Debashree Mukherjee

Assistant Professor

Columbia University

Debashree Mukherjee’s research and teaching centers on the history of modern South Asian visual cultures and industries, with a specialized focus on late colonial Bombay cinema. She received her Ph.D in Cinema Studies (2015) from New York University, and holds an M.Phil degree in Cinema Studies (2009) from the School of Arts & Aesthetics, Jawaharlal Nehru University, an M.A in Mass Communication (2004) from Jamia Millia Islamia University, and a B.A. in Literature from Delhi University. Dr. Mukherjee draws her methodological inspirations from feminist film historiography, archival studies, media archaeology, and transnational studies. Her interests lie in film historiographic method, cultural labor, mediated urbanisms, visual technologies, and emerging cinematic practices. She has published in a variety of academic journals and anthologies on topics such as the historiographic productivity of scandal narratives in recuperating women’s film histories; and the emergence of film journalism as a public discourse linking nationalism, stardom, and aspirational modern subjectivities. Her research has been funded by fellowships from the Charles Wallace India Trust, the American Institute for Indian Studies, and NYU’s Corrigan, Mainzer and Andrew Sauter grants.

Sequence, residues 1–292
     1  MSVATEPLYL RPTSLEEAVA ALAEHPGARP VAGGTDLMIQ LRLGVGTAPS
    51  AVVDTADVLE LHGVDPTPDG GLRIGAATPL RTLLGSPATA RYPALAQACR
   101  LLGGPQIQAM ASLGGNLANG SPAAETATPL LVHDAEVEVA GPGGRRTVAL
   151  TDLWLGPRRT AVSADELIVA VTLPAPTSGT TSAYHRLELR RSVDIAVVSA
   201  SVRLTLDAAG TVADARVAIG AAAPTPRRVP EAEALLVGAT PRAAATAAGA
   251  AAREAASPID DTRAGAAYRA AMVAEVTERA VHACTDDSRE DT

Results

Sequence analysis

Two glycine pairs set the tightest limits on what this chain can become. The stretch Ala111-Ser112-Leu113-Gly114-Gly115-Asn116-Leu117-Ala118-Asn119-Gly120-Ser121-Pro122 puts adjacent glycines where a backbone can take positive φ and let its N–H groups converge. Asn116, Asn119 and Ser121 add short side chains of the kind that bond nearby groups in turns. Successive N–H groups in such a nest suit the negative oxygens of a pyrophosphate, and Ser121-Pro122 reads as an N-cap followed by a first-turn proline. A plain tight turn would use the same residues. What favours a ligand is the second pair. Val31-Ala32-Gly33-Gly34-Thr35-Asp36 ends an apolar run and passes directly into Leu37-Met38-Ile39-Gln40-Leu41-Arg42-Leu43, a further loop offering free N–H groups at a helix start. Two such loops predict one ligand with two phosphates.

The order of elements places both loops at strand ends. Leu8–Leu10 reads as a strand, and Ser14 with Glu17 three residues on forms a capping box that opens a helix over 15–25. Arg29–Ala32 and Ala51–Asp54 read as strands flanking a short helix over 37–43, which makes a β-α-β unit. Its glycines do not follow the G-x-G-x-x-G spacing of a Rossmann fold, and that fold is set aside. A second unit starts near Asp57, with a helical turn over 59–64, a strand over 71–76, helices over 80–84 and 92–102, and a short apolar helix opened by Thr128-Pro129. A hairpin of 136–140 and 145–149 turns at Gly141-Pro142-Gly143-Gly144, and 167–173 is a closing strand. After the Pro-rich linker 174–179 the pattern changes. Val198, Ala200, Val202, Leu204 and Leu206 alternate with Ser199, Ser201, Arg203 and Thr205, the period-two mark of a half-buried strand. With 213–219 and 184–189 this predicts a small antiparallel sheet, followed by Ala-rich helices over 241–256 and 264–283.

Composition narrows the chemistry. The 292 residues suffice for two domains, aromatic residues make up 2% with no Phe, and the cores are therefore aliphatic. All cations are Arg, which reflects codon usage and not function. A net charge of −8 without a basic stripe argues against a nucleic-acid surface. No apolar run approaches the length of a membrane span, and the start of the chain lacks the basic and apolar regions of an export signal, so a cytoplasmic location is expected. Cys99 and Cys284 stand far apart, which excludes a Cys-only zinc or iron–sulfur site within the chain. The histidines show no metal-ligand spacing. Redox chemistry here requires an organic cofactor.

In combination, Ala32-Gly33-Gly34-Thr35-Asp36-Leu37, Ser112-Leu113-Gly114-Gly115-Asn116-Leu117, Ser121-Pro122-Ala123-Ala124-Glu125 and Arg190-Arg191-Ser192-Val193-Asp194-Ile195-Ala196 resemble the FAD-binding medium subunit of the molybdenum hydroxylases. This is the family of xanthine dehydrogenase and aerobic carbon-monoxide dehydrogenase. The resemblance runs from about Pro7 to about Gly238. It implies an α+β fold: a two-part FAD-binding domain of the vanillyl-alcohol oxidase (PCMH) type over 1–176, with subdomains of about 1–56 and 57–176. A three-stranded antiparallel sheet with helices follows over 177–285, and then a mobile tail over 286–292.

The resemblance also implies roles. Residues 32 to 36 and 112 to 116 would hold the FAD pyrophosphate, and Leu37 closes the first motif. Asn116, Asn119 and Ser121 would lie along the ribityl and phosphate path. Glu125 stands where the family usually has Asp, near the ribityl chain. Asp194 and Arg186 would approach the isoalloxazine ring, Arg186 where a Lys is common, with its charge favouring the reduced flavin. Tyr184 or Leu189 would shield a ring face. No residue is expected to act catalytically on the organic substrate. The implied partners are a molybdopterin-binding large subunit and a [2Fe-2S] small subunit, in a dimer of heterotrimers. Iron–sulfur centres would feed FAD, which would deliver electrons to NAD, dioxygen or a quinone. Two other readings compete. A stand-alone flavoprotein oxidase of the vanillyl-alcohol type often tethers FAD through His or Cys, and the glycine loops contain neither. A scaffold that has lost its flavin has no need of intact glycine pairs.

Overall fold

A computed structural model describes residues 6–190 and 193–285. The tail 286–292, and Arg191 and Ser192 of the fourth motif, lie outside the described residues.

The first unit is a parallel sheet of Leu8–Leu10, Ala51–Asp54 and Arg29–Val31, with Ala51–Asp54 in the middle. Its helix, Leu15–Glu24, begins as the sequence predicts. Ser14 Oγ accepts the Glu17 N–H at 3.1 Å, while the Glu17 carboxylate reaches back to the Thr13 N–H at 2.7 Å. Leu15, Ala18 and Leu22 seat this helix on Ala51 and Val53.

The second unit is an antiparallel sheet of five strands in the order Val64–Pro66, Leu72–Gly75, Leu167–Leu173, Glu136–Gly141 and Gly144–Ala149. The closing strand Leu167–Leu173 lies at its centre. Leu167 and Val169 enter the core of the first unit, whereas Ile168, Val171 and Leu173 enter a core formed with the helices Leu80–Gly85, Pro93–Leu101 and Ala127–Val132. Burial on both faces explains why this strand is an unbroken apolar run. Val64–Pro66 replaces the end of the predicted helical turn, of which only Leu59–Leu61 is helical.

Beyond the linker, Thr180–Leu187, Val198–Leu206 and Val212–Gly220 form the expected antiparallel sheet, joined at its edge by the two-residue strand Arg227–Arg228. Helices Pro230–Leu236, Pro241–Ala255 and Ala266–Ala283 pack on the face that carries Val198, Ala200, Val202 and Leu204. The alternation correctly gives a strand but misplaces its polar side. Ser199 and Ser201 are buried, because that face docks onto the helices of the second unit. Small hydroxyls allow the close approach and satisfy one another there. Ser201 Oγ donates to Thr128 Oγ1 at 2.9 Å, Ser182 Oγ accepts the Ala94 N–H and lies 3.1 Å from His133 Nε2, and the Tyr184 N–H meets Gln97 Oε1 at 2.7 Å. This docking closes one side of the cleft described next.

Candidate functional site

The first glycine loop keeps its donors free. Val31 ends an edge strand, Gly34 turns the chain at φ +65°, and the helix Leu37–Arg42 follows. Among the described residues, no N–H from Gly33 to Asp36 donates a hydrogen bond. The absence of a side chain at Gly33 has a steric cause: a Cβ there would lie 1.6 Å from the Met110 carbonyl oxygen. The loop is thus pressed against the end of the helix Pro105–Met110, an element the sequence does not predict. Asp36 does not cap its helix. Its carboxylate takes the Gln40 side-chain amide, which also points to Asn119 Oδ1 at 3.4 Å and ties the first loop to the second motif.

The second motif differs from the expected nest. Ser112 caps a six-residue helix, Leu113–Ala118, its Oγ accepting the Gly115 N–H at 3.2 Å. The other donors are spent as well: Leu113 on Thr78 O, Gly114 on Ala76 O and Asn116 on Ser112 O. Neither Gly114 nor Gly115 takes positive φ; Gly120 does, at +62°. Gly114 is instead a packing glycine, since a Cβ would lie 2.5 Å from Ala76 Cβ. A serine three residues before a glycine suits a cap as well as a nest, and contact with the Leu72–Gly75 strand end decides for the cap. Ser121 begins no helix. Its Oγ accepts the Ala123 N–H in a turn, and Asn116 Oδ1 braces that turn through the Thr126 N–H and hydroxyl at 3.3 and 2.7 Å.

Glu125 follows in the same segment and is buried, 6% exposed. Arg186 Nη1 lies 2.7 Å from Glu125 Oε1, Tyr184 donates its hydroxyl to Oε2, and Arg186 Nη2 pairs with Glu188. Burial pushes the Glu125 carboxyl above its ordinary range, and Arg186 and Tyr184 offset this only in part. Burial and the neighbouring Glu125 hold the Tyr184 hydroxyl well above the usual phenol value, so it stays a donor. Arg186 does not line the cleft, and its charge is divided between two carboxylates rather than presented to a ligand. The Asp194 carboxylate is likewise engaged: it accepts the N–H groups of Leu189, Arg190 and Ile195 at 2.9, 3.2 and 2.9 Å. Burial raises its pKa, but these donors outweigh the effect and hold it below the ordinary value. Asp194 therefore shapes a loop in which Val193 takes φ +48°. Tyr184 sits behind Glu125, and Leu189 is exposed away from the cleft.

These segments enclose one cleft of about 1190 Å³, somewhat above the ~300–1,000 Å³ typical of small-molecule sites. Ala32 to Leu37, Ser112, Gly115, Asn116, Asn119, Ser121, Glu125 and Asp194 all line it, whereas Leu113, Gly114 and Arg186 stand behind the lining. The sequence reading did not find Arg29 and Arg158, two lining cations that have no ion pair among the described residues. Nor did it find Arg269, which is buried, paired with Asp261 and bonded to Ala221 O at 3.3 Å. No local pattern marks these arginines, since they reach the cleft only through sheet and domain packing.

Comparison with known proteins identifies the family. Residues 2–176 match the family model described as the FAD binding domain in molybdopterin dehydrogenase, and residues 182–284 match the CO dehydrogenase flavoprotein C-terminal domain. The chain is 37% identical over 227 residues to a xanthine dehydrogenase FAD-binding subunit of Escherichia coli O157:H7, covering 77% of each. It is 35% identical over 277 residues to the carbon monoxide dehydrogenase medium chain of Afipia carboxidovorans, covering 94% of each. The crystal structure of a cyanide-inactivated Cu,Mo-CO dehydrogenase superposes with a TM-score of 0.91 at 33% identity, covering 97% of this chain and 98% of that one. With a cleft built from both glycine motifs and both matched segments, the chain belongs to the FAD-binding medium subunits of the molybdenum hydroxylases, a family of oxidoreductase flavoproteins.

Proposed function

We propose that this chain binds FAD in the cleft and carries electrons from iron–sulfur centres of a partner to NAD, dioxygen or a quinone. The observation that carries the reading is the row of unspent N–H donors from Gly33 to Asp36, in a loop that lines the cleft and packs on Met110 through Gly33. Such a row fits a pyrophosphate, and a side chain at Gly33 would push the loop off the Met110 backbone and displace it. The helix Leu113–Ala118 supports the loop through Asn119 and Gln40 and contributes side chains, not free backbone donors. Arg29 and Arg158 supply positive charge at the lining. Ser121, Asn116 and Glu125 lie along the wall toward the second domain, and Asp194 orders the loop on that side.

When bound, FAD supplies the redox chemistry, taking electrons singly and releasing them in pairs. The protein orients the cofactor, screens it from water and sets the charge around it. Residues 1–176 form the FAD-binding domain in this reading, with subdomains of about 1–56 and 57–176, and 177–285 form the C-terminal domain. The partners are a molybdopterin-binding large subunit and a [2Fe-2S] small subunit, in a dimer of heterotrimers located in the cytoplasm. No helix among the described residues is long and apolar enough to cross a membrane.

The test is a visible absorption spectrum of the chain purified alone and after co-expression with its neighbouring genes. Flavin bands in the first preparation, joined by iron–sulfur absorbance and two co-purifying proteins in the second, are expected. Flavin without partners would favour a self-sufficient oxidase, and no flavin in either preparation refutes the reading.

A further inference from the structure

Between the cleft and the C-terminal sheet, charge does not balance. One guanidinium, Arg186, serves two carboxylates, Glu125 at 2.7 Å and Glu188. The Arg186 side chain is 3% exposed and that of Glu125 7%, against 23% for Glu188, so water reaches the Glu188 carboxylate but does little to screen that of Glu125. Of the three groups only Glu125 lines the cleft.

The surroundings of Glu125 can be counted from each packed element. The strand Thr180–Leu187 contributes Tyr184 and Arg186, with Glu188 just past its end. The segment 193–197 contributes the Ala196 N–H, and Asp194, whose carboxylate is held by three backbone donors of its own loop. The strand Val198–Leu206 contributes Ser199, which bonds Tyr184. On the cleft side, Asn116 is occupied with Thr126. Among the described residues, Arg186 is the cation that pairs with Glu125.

Trained as a filmmaker, Dr. Mukherjee worked in the Bombay film industry from 2004-2007, on films such as Omkara (d. Vishal Bhardwaj, 2006). During this period she was also engaged in an ethnographic research project on cultures of contemporary film production initiated by Sarai-Center for the Study of Developing Societies (New Delhi). She brings her knowledge of film production, aesthetics, ethnography, and archival work to her current book project which presents a new cultural history of early Bombay cinema (1920s-1940s) by privileging cinematic practices and circuits of cultural work. Parallel projects include a cultural history of the left in late colonial Bombay; a transnational, comparative history of early cinematic cultures; experimental video practice in contemporary India; and digital humanities initiatives such as the online annotation platform.

Debashree curated an exhibition of Indian film ephemera in 2013, titled Maya Mahal. She is currently an Editor with the peer-reviewed journal BioScope: South Asian Screen Studies, and will foresee the journal’s forthcoming reviews section.